Mobile phone operators yesterday sought duty benefits for the import of 4G-enabled handsets, which would help in reducing cost of such devices and widening access to fast internet.
To cut costs, they also demanded withdrawal of value added tax and supplementary duty and surcharge on internet usage, which now stand at 21.75 percent.
The Association of Mobile Telecom Operators of Bangladesh (Amtob) came up with the pleas at the National Board of Revenue (NBR) in the capital while presenting proposals for the upcoming budget for 2018-19.
At present, mobile handset importers pay a total of 31.75 percent of the price as duty.
The demand of Amtob, representing Grameenphone, Robi, Banglalink, Citycell, Teletalk and associate members Ericsson, Huawei and Nokia, comes nearly two months past the launch of 4G services by the top three operators.
Despite the launch, nearly 10 percent of around 10 crore of the active cellphone users have 4G-enabled devices while 35 percent have 3G handsets, according to Amtob.
Mobile phone operators said high duty acts as a deterrent to the fast expansion of the usage of 4G-enabled phones.
“We urge for giving import benefit for two-three years,” said Shahed Alam, head of regulatory affairs of Robi Axiata Ltd, the second largest mobile phone operator after Grameenphone.
Amtob Secretary General TIM Nurul Kabir said the majority of the devices being used in the country were basic phones. “Now if we want to reach the bottom of the pyramid, we have to address their affordability,” he said. Amtob also demanded rationalisation of corporate tax for mobile phone operators. It is now 40 percent for operators listed at the stock exchange and 45 percent for non-listed ones.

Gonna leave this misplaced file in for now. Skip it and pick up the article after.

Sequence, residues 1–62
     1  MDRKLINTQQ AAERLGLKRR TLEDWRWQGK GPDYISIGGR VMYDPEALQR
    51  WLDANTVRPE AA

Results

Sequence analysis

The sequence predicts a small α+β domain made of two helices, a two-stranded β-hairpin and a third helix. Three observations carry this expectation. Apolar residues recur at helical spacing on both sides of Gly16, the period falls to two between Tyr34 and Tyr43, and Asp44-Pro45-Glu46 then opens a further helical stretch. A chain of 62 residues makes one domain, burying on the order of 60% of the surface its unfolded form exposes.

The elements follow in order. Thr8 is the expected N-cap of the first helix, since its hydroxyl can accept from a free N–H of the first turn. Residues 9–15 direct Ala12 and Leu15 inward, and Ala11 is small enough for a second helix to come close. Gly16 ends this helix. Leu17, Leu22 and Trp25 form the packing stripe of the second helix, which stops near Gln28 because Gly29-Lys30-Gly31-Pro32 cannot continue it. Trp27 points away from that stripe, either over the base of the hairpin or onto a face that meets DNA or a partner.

The trade body also urged the revenue administrator for publication of a guideline on e-commerce and elimination of a provision for which firms have to pay a minimum 0.75 percent of their total annual turnover as tax.
In response, NBR Chairman Md Mosharraf Hossain Bhuiyan said his office would examine ways to provide benefits to the mobile phone operators. “But please clear all arrear taxes.”
Negative reports are published in the newspapers, as the operators do not clear due VAT and tax properly, he said.
Bhuiyan suggested the operators settle tax disputes through alternative dispute resolution, an out of court process.
Earlier, Bangladesh Beverage Manufacturers Association demanded reduction of supplementary duty on local production of soft drinks to 15 percent from the present 25 percent.
Bangladesh Ceramic Manufacturers and Exporters Association (BCMEA) urged keeping import duty on raw materials of ceramic at 3-5 percent.
The association, representing over 60 ceramics makers, said duty benefits and protection helped the sector grow and reduce import dependence.
“We can meet 80 percent of domestic requirement,” said BCMEA President Md Shirajul Islam Mollah, demanding withdrawal of a 15 percent supplementary duty at the production stage and putting effort into stopping under-invoicing.
Sk Bashir Uddin, managing director of Akij Group, opined that high duty at manufacturing creates the tendency among people to go for tax evasion.